If you don’t have a lot of planning time because your impending absence wasn’t anticipated, identify the most important efforts/workstreams/initiatives that must be covered to minimize disruption of progress or unintended consequences. Your goal is to make those you are delegating to feel adequately prepared to take the reins in your absence.

1) Identify major projects and workstreams

Document what is currently in-flight and due to begin while you are on leave.

  • Project Title
  • Project Goals
  • Project timelines; important dates
  • Link to project plans, overview documents
  • Link to any relevant documentation (e.g. cases, tickets, internal wiki pages)
  • Dependencies on other teams

Start in a google spreadsheet, for example.

2) Identify owners for each major item

Work with your team and colleagues to identify who will be the owner as well as BACKUP owner for each project.

Update the new owners in the google spreadsheet next to each project title.

3) Owners sign off on their leadership for each item

Email the updated list to your team and other stakeholders taking over the projects. Here’s an example of what this email can look like:

Here is my thinking about how my responsibilities will be covered by the team during my maternity leave. I’ve taken the time and thought about it, and recognize this is a partnership.
Please review this. There are four areas I want you to focus on:

  1. What are you comfortable taking on
  2. What are you not comfortable taking on and why
  3. What needs additional clarification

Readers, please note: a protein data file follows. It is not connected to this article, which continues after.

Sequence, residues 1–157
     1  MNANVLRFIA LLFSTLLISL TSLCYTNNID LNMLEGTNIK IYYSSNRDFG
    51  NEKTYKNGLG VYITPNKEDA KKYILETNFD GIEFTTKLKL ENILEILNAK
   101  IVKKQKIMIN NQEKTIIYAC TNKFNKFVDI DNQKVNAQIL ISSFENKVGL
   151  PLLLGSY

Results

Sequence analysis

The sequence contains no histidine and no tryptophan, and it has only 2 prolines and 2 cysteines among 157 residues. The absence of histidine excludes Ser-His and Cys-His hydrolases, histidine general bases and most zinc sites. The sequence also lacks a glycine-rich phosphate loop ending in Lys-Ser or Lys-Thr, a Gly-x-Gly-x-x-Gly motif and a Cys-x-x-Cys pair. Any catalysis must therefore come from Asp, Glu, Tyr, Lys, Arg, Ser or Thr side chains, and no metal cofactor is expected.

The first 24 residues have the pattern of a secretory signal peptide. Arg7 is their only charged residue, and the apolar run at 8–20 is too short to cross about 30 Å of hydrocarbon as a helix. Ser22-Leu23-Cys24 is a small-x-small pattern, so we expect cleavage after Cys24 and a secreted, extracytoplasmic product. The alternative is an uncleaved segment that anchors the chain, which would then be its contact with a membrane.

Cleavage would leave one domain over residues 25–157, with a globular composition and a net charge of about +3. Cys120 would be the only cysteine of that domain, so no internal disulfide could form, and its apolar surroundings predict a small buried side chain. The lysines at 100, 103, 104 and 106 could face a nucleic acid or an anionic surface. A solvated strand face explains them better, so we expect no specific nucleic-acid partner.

4. Your plan for who covers for you on each project in instances when you are out for PTO etc.

The project list is here:

If you are expected to take over one of these projects as the new project lead, your name will show up in column ‘X’.

Please write back to me to let me know your answers to 1-4, and let me know if you need to discuss any items during our upcoming 1:1s. Once we’re all final, we will be posting some version of ‘who owns what’ on the internal company wiki, and that list will be shared with internal stakeholders so there is no question about ownership while I’m out.

In addition, PERSON will be on point as the team lead while I’m out. That means, for new issues that come up, they will work with everyone on re-prioritizing and project ownership/distribution as needed.

I am confident that we’re in a strong position, and that everyone here is capable and well-positioned to succeed. Thank you for being the amazing team that you are. I’m looking forward to heading out with a solid plan in place, knowing that we are clear, our stakeholders are clear, and that you are confident in roles and protocols during my absence.

We can discuss all of this during upcoming 1:1s and team meetings as needed.

4) Communicate your plan broadly

Once the new project leads have signed off on their ownership, document the list on a shared wiki or share the spreadsheet itself with all internal teams impacted by the projects. Here’s what that email could look like: